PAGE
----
The GT1 class in endurance racing spawned some of the fastest and most radical road-going cars ever made, with as prime example the Porsche 911 GT1.

Porsche wasn’t pleased with the outcome of the 1995 edition of the 24 Hours of Le Mans, where their iconic 911 was thoroughly beaten by the McLaren F1 GTR. Not only became the British marque the first in the history to win Le Mans at the first attempt, but it also managed to claim four out of the five top positions: first, third, fourth, and fifth. Impressed by McLaren’s performance, Porsche acknowledged their cars were no longer going to be competitive, the 911 wasn’t able to keep up with the British supercar and the 962 used by Dauer Racing was outdated. Something new was needed, more powerful, faster — something radical.

Norbert Singer, who was in charge of Porsche’s racing division, was tasked with the development of a car based on the 911 which could match the McLaren F1. The German engineer had been involved in every Porsche win at Le Mans. He helped Porsche with its first Le Mans win with the 917, was responsible for the 935 and designed the bodyworks of the 956 and 962, which won Le Mans an impressive seven times. It was also Singer who discovered a loophole in the GT regulations which allowed him to build a purpose-built race car set to assault Le Mans.

1996 Porsche 911 GT1 (993) Road car

In order to comply with the regulations manufacturers of GT1 cars were required to build at least one street-legal version which was on sale to the general public. Singer exploited this rule and turned it upside-down: instead of modifying a road car into a racing car (like the McLaren F1, Jaguar XJ220 or Ferrari F40), he designed the racing car first. The road-going derivative was not more than a practical detail as it served only a ticket into GT racing.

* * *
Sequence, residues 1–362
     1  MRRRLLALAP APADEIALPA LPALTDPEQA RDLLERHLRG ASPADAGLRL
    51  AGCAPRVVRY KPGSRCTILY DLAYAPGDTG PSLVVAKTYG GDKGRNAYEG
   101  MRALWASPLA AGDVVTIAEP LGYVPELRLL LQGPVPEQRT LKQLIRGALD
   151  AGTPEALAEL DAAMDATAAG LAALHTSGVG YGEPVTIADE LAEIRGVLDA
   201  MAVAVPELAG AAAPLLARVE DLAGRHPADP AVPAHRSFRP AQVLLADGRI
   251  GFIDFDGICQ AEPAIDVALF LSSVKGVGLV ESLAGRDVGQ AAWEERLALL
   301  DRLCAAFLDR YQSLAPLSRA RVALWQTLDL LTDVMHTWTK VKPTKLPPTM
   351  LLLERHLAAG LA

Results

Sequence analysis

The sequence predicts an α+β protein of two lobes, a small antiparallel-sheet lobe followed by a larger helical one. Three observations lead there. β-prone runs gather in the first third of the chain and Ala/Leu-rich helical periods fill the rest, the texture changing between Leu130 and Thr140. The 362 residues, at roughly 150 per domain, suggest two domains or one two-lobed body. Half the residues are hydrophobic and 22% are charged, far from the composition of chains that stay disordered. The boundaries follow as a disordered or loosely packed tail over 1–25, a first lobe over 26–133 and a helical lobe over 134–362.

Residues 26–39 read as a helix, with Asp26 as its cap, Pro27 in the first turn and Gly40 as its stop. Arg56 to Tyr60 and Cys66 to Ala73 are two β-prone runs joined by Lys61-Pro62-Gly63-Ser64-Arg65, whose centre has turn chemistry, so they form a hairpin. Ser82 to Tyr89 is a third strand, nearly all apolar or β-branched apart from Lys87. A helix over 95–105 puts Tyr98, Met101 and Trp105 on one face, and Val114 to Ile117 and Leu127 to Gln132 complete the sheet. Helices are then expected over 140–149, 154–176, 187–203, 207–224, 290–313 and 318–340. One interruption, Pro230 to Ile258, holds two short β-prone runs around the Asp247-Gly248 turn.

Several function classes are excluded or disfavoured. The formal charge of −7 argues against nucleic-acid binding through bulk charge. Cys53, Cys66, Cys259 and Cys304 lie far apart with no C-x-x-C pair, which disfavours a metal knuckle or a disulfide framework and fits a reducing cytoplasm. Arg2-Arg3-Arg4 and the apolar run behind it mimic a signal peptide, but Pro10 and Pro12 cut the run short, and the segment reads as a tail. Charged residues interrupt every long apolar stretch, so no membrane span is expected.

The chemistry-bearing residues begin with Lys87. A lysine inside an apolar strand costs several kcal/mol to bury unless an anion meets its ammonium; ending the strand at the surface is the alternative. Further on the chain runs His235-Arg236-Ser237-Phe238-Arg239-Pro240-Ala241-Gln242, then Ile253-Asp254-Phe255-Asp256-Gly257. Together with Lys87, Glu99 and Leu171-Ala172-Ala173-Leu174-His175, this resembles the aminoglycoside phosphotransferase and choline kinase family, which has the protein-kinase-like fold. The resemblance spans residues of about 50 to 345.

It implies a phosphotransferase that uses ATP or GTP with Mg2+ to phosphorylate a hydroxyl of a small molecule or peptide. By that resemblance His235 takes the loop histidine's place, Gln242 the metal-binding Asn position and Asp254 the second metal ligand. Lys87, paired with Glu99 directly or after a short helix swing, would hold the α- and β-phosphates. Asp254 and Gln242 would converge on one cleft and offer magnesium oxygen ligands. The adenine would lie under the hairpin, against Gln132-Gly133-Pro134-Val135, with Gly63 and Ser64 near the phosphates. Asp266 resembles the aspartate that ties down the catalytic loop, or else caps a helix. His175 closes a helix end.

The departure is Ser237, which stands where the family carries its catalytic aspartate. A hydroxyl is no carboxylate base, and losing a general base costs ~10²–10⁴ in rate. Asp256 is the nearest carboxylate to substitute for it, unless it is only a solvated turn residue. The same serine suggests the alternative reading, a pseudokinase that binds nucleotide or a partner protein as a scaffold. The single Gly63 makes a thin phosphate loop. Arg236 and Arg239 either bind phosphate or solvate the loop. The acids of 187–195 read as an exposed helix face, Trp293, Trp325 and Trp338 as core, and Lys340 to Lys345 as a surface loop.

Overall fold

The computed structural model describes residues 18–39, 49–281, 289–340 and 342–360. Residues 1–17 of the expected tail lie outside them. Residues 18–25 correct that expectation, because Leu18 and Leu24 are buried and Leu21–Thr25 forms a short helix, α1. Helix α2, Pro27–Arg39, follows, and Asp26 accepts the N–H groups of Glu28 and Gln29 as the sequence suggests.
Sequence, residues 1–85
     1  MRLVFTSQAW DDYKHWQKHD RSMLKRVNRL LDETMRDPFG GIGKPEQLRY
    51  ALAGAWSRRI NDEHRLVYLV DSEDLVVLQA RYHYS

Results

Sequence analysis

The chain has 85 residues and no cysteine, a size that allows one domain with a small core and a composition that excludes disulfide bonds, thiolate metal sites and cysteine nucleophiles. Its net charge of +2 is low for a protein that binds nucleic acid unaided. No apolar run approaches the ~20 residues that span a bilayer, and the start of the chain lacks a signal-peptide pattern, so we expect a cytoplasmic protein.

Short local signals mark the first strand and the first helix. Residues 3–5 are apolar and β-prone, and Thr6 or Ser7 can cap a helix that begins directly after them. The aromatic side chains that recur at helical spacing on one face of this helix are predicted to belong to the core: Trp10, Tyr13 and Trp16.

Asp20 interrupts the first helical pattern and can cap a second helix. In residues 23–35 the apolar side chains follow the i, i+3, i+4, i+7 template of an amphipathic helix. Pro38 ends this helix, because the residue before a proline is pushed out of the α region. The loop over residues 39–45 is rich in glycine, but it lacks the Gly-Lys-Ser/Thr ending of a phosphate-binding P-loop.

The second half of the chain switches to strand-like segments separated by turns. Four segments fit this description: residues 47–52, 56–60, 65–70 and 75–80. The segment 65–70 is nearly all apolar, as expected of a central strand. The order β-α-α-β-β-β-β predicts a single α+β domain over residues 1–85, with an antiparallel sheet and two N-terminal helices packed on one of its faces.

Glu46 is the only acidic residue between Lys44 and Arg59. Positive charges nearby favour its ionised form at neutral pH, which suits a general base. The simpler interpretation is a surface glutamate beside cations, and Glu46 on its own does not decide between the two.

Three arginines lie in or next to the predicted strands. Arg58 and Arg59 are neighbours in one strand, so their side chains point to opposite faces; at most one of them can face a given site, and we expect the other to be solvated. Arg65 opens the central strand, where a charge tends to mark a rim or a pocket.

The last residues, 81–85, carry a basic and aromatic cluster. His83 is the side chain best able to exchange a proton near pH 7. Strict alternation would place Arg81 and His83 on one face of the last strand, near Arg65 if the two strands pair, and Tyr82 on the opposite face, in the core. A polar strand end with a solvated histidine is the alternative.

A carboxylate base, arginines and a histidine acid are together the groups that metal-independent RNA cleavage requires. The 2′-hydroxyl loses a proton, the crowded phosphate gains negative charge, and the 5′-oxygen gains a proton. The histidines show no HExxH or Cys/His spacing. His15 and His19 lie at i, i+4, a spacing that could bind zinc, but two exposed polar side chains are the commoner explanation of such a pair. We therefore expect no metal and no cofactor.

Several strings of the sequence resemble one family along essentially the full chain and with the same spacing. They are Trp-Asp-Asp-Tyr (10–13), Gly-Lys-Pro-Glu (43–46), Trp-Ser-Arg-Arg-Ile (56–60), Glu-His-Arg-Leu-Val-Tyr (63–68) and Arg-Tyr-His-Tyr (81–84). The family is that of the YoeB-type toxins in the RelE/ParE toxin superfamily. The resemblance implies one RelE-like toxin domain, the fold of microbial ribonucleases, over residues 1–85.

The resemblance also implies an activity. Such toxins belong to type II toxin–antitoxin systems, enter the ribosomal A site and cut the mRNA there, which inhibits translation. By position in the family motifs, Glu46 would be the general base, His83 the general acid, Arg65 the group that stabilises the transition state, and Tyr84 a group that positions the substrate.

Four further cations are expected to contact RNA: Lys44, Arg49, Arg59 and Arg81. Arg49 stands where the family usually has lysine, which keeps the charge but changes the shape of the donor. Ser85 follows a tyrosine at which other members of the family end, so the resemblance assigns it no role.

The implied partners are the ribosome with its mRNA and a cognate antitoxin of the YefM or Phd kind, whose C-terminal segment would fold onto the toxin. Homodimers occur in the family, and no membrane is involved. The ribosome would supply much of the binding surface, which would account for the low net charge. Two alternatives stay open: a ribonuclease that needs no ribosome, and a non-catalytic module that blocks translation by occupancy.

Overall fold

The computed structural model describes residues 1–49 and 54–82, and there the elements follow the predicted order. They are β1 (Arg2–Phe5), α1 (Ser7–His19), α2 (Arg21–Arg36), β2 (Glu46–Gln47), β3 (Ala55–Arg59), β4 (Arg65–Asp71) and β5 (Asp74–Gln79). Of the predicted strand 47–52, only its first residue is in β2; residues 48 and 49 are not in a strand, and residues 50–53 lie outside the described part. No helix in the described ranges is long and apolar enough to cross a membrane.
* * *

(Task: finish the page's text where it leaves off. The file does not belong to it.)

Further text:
Singer and his team realized a mid-engined car would be more competitive that a rear-powered one, this would benefit the distribution of weight and provided more working space for the aerodynamics. The engineers in Zuffenhausen started with the front-end of a Porsche 993 GT2, designed a new tubular frame and moved the engine to the middle, just behind the driver. The monocoque was made from steel, but most of the bodywork was made from lightweight Kevlar and carbon-fiber. A diffuser was fitted under the rear of the car, which was derived from a 962. The downforce was further enhanced via a massive adjustable plastic rear wing.

The water-cooled twin-turbo 3.6-liter flat six provided 600 horsepower at 7.200 rpm and was paired to a six-speed gearbox, which transferred the power to the rear wheels. With a weight of only 1050 kg, the 911 GT1 was able to hit a top speed of approximately 320 km/h while a sprint from standstill to 100 km/h would take 3.7 seconds. Interestingly, these performance figures were below of its main competitor the McLaren F1. Nevertheless the Porsche 911 GT1 would prove to be fast.

When the new Porsche entered the circuits for the first time in 1996 it wasn’t greeted with much enthusiasm. Many competitors believed the 911 GT1 wasn’t in line with the spirit of the regulations — this wasn’t a road car modified for racing, but a purpose-built racer which maneuvered clever through the regulations. Meanwhile, a street-legal version was built and delivered to the German government, which tested the 911 GT1 Straßenversion (Street Version) and declared it roadworthy. Here it was: Porsche received official backing which proved that the 911 GT1 was a street-legal car. The 911 GT1 was debuted successful at Le Mans, the spectacular Porsche won its class and was overall only beaten by the Porsche WSC-95 prototype. After the Le Mans success the 911 GT1 went on to win a few others races as well.

But a new and more advanced version of the 911 was already in the pipeline, and a few other carmakers had started building their own homologation specials as well. Whereas the international GT racing was initially dominated by modified versions of production cars like the Ferrari F40 and the McLaren F1, it now became the realm of advanced prototypes disguised as street-legal cars or the so-called homologation specials. This will covered in the next chapter of GTspirit’s Remarkable Cars.

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